Omaha man’s work to fight property valuation increase pays off
OMAHA, Neb. (WOWT) - Hundreds of Douglas County property owners are finding out if their property taxes will go up more than they think is fair.
The Board of Equalization voted on protests of recent valuations. In June, 6 News learned of a shocking increase on a vacant lot -- tonight the owner learns if his homework paid off.
When the value of his lot jumped 3,000 percent, John Riggleman said that his protest wouldn’t be an empty promise.
“I had no problem paying my fair share of taxes I just didn’t want to pay excessive taxes,” he said.
For years, the lot assessed at $800 got revalued by the assessor at $24,200 -- causing an estimated tax jump of nearly $500 a year.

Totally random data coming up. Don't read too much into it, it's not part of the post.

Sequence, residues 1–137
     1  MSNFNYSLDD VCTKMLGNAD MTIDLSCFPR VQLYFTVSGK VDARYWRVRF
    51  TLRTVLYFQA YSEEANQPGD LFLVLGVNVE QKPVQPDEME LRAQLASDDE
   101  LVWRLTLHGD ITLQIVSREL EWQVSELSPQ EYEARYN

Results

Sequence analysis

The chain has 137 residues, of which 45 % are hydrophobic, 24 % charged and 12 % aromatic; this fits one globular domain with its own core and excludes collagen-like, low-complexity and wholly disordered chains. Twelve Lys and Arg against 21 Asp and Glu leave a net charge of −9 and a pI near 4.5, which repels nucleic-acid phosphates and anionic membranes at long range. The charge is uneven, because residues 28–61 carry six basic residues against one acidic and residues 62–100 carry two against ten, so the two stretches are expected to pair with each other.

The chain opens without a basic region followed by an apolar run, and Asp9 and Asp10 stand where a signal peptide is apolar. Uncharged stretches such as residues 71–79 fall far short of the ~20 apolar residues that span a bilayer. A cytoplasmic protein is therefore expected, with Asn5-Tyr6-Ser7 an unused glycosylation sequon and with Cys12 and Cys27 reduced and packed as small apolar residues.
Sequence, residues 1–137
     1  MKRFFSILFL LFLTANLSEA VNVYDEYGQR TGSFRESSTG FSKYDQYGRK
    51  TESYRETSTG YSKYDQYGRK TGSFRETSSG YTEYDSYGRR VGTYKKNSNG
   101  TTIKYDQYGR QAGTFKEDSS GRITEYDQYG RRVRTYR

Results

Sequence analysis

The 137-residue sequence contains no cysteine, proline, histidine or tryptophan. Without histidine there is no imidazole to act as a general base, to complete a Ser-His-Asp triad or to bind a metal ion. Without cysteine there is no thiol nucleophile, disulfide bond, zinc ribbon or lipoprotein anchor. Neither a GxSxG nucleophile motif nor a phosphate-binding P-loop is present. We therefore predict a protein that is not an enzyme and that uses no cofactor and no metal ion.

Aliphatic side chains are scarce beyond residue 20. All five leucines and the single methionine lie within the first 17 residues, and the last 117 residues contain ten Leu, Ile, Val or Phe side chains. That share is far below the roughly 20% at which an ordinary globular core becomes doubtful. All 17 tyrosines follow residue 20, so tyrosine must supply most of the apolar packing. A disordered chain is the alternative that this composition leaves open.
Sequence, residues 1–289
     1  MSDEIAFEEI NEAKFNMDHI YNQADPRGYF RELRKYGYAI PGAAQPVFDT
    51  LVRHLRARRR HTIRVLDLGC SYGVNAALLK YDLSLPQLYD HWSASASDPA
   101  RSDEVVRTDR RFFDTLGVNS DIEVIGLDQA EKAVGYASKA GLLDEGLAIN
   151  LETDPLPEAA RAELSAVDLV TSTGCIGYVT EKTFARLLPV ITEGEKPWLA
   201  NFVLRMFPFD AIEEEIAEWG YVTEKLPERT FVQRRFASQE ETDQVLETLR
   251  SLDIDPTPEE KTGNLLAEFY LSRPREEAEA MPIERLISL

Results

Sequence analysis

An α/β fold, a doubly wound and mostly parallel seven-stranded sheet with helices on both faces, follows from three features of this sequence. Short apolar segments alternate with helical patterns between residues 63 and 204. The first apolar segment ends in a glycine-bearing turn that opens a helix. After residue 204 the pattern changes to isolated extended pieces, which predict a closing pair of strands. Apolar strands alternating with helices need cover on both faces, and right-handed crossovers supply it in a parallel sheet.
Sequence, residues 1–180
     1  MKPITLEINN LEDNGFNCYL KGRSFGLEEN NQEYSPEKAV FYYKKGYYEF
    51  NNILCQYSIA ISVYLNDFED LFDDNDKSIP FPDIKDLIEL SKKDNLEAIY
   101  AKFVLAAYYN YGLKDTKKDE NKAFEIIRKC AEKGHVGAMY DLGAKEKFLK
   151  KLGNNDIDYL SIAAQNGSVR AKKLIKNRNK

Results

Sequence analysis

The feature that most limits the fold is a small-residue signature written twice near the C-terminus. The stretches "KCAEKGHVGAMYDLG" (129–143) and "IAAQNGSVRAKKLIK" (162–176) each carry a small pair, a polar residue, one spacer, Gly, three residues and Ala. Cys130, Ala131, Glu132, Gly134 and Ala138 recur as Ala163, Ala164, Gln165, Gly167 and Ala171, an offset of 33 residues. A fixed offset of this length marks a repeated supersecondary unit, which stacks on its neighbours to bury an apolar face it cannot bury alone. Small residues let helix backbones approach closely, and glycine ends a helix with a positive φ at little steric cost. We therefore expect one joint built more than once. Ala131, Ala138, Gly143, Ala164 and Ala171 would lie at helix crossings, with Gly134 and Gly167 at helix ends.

Riggleman got on his laptop to research the land bank listings and prices for other lots in his area.
What he found were lots like his for sale from $2,000 to $3,500, far less than the $24,200 which is the value the county placed on his lot.
Riggleman turned in his homework to a valuation referee.
“If these lots are worth $24,000 why aren’t people buying those for $3,000? They’re not. They’ve sat there for several years now,” he said.
County Commissioner P.J. Morgan -- a successful realtor -- says that’s how to sell a valuation protest.
“If they really gather the good information and point out the facts, I think the referees do an excellent job in trying to have as much fairness as they can,” Morgan said.
The referee reduced Riggleman’s lot valuation from $24,200 to $3,000.
“I’m perfectly satisfied, I don’t think I’m over assessed,” Riggleman said.
Riggleman says his lot isn’t for sale and he’ll keep green space which is worth a lot more to his grandkids.
Douglas County Clerk Dan Esch said more than 6,800 protests went to a referee then the county board. About 3,900 property owners saw a change in their valuation.
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